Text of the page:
Enigmatic Academia

You would think that considering how long the Academic community has been around the industry people or people in general would understand how it worked.  But the veil of obscurity continues even now, even though Google scholar makes academic articles even more accessible than ever before.

I thought it was time to dispel some myths that exist about academic life and academia in general:

1. You’re doing a PhD? How much will you “Study”?

Yes I am a PhD Candidate. That means I do research and teach. My coursework is over hence I am not “studying” in the way implied by you.

Most of my friends thronging the bastions of consulting firms think I am still “studying” being in the 4th year of the PhD program. If writing papers and reviewing articles and teaching is studying, then I think I will be doing that all my life, even once appointed as a permanent faculty.

2.  You don’t have classes? Wow, you must be so free to do what you want!

Just because I don’t have to sit in a classroom to attend lectures after my comprehensive exams, doesn’t mean I can sit at home and watch re-runs of Greys Anatomy or party till the wee hours of the morning. It only means I have more time for research, writing papers, teaching and grading.

3. Your presentations are so boring! I can make better Power points presentations! How about some custom animation?

Now that is an insult to my creative sensibilities. 80% of academic presentations (p=0.05) have the following structure:


Theoretical Development





Future Research

Now trying fitting all of that in 15-40 minutes. More often 15 than 40. There is only so much room for mind-numbingly hilarious GIFs when you have to talk about 8 experiments in 10 minutes.

4. You need a Publication? How difficult can that be? I get published online all the time.

 Prestigious academic journals have a rejection rate of 95%. I cannot emphasize that enough. This obviously means we will be more unsuccessful at getting accepted than successful (p=0.01) in these A level journals. So when you come to us and say that you got published on crickinfo.com/poetryhunter.com/<yourname>.blogspot.com, that is not really what we are talking about.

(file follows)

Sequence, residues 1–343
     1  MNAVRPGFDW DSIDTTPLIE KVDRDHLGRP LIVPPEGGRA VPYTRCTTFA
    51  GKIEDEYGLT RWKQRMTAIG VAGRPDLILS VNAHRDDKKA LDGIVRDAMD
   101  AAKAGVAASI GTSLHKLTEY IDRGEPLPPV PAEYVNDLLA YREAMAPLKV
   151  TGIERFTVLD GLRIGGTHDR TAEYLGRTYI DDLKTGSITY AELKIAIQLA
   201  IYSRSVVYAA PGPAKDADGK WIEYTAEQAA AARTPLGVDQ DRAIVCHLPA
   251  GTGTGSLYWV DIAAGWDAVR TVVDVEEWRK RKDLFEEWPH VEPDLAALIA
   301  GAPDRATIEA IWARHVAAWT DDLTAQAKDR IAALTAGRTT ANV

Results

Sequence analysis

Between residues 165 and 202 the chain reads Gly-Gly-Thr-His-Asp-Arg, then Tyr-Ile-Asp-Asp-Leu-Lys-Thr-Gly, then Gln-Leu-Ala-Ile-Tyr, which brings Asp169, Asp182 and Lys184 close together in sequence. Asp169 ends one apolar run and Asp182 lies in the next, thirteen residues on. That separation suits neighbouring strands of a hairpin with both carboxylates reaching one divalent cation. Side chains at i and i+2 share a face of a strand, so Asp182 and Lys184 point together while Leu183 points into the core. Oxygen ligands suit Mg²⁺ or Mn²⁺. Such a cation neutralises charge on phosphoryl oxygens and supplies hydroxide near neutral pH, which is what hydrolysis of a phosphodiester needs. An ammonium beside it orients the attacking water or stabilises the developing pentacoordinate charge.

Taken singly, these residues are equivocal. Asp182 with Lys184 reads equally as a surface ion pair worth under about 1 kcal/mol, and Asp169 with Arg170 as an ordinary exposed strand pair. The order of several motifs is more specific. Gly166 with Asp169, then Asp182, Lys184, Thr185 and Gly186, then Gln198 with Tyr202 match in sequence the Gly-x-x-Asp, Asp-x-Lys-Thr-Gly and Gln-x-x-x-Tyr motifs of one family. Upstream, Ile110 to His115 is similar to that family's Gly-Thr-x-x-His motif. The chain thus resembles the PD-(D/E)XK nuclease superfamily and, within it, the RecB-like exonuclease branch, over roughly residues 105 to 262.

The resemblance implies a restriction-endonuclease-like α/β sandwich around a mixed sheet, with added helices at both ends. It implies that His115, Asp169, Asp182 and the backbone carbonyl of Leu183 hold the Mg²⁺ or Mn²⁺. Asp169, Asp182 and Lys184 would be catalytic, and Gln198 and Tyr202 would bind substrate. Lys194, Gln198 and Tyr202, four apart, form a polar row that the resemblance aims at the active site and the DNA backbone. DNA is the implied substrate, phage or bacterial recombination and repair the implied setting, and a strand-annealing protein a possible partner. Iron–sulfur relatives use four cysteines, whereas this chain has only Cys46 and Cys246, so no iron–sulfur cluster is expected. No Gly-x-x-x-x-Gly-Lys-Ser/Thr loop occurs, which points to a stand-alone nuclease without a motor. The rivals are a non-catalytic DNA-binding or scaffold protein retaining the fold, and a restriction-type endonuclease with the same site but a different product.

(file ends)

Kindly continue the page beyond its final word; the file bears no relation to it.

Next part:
5. How can schools hire professors who don’t have industry experience to teach MBAs?

 If you (MBA student) want to learn how things are done in one specific company rather than the general understanding of the subject which will enable you to customize and apply the knowledge to a new setting (or the principle behind the application) then you should just go work in that specific company and not waste 50,000 Euros doing an MBA.

Ergo, the need for an academic.

6. Please don’t exercise your “PhD” thinking, it isn’t relevant in this situation! Or Can you not talk like a PhD?

It is not my PhD thinking, it is just the way I think. The fact that I am doing a doctoral degree is not relevant to this conversation.


Friend: Traveling is awesome!

Me: Indeed it is. It also makes you more creative.

Friend: Can you not talk like a PhD?

Me: * Grimace *

7. You can’t come out today because you working on your thesis? I wrote one in high school. How difficult could it be?

Think climbing K2. Now multiply that by 10290.

8. Why don’t you write a paper on the economic crisis in Spain and its impact on government spending?

Why don’t I? Because I am a behavioral researcher. And I have research interests that are not even in the same continent as what you just said. Just like you work in Finance and won’t suddenly move to HR one fine day just because.

PS: Being able to do research doesn’t mean I commence research on any pressing issue that comes to your mind.


If you have had similar experiences in trying to get non-academics to understand your lifestyle or point of view do share them in the comment section below!

Photo Source: http://www.phdcomics.com (http://www.phdcomics.com/comics/archive.php?comicid=1030)


Because we don’t want to be Hypocrites